The physical infrastructure of a location where digital out of home technology is deployed is a big factor in the functionality and cost of a network. In Part 2 of our Understanding Installation & Deployment Series featuring Deryk Powell, COO of Velociti, we saw how important site surveys are of each location in order to […]
The physical infrastructure of a location where digital out of home technology is deployed is a big factor in the functionality and cost of a network. In Part 2 of our Understanding Installation & Deployment Series featuring Deryk Powell, COO of Velociti, we saw how important site surveys are of each location in order to create a realistic timeline and to identify exactly what is needed for success.
Building off of the idea of the site survey comes the topic of connectivity. Take a look at your desk in your home or office. Think about the devices present, a computer, printer, speakers, possibly a fan, plus your phone charger, external hard drive, and monitor. The tangle of cords behind the desk can come to look like spaghetti hanging off of a high chair.
DOOH systems are no different; power cables, media players, transceivers, inputs, outputs, all require forethought for how each piece fits in with the next. “Cabling is a big cost driver,” says Powell, “it is a huge consideration. The simplest environments are those with ample cabling cabinets, being able to connect to a CAT 5 connection, and an open ceiling environment. With a department store in Manhattan it is a completely different deal, with hard capped ceilings, etc.” The variance of types of locations and the types of technology being used can mean the difference in doing an install in a matter of hours or taking the entire day, according to Powell.
There is nothing glamorous about the cabling itself, and in the best deployments the technology fits seamlessly into the architecture of a location. “Prior planning is a simple rule,” explains Powell, “we go through the deployment profile in advance.” But there are some issues that come up, one of which being that managers of a particular location might offer some resistance to changing their venue.
“The decision to deploy is made at a corporate level,” says Powell, “and if the mission is not explained to the managers it could be a problem. There is always something a little different, the manager has another issue with the physical environment, or an asbestos building that wasn’t disclosed in advance.” Having as much information as possible about the physical characteristics of each location, plus ensuring that the initiative itself is understood by everyone involved prevents problems and gets the technology up and running faster.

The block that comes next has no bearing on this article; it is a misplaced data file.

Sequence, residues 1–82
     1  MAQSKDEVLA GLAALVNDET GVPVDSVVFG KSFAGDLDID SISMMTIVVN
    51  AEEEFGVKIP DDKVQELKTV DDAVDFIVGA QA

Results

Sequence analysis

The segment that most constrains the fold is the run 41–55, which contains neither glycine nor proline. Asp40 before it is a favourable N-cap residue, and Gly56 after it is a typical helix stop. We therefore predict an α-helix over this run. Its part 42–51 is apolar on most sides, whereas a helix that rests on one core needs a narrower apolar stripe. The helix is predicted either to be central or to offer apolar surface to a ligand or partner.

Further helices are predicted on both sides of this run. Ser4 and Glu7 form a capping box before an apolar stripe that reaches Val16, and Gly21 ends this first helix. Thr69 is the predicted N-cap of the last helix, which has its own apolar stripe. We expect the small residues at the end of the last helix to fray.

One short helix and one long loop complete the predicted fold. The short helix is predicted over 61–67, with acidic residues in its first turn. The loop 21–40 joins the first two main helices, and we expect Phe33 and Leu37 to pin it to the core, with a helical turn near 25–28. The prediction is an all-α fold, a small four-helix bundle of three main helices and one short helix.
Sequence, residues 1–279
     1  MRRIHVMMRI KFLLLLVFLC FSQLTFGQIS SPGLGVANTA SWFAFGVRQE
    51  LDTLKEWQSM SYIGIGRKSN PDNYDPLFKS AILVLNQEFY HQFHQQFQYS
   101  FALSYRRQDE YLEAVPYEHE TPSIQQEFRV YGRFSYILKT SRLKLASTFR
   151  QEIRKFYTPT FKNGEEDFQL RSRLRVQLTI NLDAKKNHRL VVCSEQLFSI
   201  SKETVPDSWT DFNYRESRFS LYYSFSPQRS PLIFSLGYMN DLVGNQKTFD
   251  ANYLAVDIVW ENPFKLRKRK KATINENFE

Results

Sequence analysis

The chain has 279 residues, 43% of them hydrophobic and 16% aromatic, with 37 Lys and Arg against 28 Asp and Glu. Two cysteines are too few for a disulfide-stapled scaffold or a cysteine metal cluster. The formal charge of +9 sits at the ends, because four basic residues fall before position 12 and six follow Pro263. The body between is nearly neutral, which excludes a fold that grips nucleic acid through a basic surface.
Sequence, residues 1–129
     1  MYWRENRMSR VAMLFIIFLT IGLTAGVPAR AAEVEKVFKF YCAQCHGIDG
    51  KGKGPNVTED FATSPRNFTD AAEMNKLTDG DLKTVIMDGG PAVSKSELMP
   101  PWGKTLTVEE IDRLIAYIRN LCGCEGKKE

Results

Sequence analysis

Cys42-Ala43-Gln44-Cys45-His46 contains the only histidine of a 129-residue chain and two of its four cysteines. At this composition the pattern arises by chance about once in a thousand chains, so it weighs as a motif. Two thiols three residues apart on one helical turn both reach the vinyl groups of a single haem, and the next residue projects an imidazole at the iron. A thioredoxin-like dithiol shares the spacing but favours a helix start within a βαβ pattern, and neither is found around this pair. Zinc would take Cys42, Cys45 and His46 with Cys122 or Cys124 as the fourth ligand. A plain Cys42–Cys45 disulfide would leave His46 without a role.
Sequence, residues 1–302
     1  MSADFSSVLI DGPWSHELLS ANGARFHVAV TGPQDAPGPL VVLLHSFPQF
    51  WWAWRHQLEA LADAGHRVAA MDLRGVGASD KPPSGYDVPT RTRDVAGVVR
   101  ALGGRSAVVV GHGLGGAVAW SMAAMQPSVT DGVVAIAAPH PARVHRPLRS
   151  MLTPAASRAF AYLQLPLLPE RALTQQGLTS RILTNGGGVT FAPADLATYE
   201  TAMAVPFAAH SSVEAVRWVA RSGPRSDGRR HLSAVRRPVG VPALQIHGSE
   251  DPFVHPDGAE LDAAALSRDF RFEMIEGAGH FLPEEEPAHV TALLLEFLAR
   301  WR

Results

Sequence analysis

One way to solve the issue with cables is to make as many parts of the technology ecosystem wireless (not from power, of course, but wirelessly connected to each other and running on wireless networks). “Cellular is a huge trend (for delivering content and recovering analytics from DOOH networks). There is a huge benefit there with the ease of deployment, and to do this wirelessly you’re talking about a significant cost reduction by leveraging an established network (in this case the major carriers such as Verizon), not having to support the IT network itself, eliminating a ton of potential conflict internally where tapping into an existing network is completely limited,” said Powell. With 4G data speeds getting faster every day, cellular technology is already able to deliver the type of dynamic HD content that DOOH networks demand.
Tony Hymes is the Editor of the Digital Out Of Home industry website DOOH.com. He produces introductory videos of the companies working across the space from digital signage hardware providers to content companies, DOOH networks, consultants, and software groups. Tony Hymes writes extensively about the strategies behind DOOH advertising, digital signage networks and deployments, and customer engagement trends.